ZHEROS feels and plays like a blast from the past. Part homage, part side scrolling beat ’em up, ZHEROS does have a very distinct arcade feel, from the style of gameplay, to the music, and this all does slowly start coming together over the first few levels of play to create an enjoyable game that knows it’s strengths and tries mightily to show them off.
Playing as either the chisel jawed Mike, or the svelte and flexible Dorian, you are tasked with fighting your way through each level, hitting multipliers through combo’s and putting a stop to Dr Vendetta’s plan to mutate everything in the universe. I found myself playing as Captain Dorian as she somehow felt quicker and less cumbersome than Mike, but ultimately both characters play in a similar fashion, both come equipped with light and heavy attacks, a defensive button and a pistol that can be used to chain combos together. During certain levels you can take control of a mech suit, upgrading a characters moves to achieve greater damage and a bigger score, or at least until it’s battery runs out.
Fighting is quick, if a bit stunted at first as you get to grips with the combo layout, but once you play past the first few levels that serve largely as the games tutorial, enemies come thick and fast enough that those high multipliers can be achieved quite easily with a few well placed button presses. A few enemies require certain attacks in order to make them vulnerable, such as the shield carriers who need a charged heavy attack directed at them before they drop their shield, but each new enemies weakness is signposted in-game as they are introduced and as such don’t cause too much of a problem if taken out accordingly.
The game itself is fine to look at, the graphics reminiscent of a Saturday morning cartoon, which works well alongside the slapstick humour the game employs at times, and it is clear ZHEROS doesn’t take itself too seriously. The music is typical arcade fare, and as such it does grate after a while, but all in all the game is put together nicely, and it does have a distinct retro feel to it, with a few modern gaming elements such as a moves list to check out the wealth of combos and saving thrown in for good measure. If you loved the old arcade side-scrollers such as Streets of Rage or Double Dragon then think of this as their newest and youngest sibling, and you will no doubt find something to enjoy.
Both the defence and the pistol attack rely on a blue power bar that depletes when either move is used, but can be refilled by collecting the blue orbs from fallen enemies. Similarly, smashing orange crates throughout each level generate orange orbs that can be collected and then used to upgrade your character between each level, and health can be refilled by destroying the green barrels dotted around each level. Both of these mechanics are tropes we have seen before, and I think that is my main problem with ZHEROS – it doesn’t do anything new or innovative with what is a well-known and well-played genre. Don’t get me wrong, ZHEROS is enjoyable to play, but I did take a few tries before I got into it, and this wasn’t down to the game being overly difficult or lack of enjoyment on my part. At first I couldn’t quite put my finger on what it was that was preventing me from diving into ZHEROS with gusto, and then it hit me – I felt like I was playing the game on autopilot, not really thinking about what I was doing besides bashing buttons and moving from one stage to the next. The villain, introduced during the opening cinematic, is easily forgotten among the waves of robots that litter the way between the beginning of the level and the end, and the storyline becomes secondary to bashing buttons and achieving combos to get a hi-score – all fine, acceptable goals in a game, but I did find myself booting up some other game instead when given the choice.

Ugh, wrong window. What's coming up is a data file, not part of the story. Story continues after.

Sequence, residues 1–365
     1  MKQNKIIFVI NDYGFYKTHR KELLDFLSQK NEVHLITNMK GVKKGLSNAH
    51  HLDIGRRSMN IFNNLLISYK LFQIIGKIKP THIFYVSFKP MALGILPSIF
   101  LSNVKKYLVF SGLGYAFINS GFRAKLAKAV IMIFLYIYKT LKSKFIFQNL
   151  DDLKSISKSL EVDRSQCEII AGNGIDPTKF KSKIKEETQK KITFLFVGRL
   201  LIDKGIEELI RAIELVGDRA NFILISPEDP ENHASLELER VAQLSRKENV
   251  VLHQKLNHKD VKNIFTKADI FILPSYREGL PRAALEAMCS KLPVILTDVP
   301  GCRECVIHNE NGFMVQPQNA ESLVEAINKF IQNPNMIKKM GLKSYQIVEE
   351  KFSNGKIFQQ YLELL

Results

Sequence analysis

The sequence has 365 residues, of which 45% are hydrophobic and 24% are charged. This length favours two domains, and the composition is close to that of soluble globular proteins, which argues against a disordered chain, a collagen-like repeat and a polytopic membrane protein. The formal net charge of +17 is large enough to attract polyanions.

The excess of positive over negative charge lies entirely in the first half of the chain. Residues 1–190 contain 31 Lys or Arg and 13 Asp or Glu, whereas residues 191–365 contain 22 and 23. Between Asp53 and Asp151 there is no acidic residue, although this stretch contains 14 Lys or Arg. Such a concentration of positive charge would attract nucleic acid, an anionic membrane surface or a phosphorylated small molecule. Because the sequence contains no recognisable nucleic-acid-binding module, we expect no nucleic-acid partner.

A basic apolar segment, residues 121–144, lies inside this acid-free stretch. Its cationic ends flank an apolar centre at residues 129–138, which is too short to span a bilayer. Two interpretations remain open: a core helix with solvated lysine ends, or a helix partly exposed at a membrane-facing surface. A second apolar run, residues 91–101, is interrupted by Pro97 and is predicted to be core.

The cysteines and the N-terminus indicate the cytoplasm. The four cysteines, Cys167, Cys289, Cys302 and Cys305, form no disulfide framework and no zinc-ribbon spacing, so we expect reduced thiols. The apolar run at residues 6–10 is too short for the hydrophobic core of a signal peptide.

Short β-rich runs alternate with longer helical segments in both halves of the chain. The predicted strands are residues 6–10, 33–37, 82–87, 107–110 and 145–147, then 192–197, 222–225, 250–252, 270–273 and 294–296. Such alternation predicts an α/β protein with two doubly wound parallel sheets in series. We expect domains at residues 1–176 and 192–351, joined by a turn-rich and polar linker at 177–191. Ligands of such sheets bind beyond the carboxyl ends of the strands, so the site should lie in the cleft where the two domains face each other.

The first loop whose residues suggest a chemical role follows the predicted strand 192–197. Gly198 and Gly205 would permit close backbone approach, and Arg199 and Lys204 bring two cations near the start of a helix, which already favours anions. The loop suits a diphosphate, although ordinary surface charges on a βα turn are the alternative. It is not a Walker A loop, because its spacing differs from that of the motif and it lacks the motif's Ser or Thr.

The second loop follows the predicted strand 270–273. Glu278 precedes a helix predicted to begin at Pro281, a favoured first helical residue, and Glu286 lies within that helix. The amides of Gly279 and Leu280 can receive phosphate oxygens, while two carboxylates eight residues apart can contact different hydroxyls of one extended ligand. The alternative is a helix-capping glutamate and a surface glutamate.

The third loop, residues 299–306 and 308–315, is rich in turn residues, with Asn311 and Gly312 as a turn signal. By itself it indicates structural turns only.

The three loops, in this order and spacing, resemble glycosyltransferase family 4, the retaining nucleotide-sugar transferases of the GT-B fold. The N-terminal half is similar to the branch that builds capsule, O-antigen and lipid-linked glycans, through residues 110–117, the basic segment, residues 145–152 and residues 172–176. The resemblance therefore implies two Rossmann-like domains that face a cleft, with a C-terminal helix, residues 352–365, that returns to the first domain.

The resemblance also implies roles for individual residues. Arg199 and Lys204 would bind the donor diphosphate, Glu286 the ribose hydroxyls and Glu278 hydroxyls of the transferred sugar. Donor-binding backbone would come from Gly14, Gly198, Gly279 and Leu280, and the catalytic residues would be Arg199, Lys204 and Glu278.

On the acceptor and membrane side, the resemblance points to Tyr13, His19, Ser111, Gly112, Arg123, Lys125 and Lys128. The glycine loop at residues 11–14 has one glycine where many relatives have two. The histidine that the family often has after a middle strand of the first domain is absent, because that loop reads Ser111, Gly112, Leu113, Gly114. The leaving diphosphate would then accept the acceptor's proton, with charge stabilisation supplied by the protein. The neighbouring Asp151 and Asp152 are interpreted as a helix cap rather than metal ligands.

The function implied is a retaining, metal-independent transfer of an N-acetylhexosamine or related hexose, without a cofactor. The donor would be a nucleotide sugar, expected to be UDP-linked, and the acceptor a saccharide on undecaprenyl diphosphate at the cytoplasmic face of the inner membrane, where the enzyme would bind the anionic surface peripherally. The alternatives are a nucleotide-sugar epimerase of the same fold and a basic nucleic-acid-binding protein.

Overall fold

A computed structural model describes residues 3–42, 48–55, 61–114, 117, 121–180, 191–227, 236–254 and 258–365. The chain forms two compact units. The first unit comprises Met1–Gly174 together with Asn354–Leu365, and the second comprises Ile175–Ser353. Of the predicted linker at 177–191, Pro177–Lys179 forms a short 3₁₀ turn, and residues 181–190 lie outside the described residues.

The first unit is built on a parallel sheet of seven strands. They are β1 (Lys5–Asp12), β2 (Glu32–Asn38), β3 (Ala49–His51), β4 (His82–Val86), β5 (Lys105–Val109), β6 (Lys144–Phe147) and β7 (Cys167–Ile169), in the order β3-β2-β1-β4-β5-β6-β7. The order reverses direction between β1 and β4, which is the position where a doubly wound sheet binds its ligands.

This I feel is the main problem with ZHEROS – it doesn’t do enough to make itself stand out among a crowd of side-scrolling beat ’em ups, playing like a multitude of games that have come before it. I can’t emphasise enough that I did enjoy playing ZHEROS, but I did find my attention being drawn to other games waiting to be started that lay on my shelf, as I think this is the main problem ZHEROS has, in that it has released at a time when there are literally stacks of games vying for our hard-earned cash. Does ZHEROS do enough to warrant our attention? It does, and both the £15.99 price tag and the fact that it is this months free game with Xbox Live will surely help it along nicely, but I can’t help think that had it avoided a less crowded time of year in the gaming calendar it might have done a whole lot better.
REVIEW CODE: A complimentary Microsoft Xbox One code was provided to Brash Games for this review. Please send all review code enquiries to firstname.lastname@example.org.
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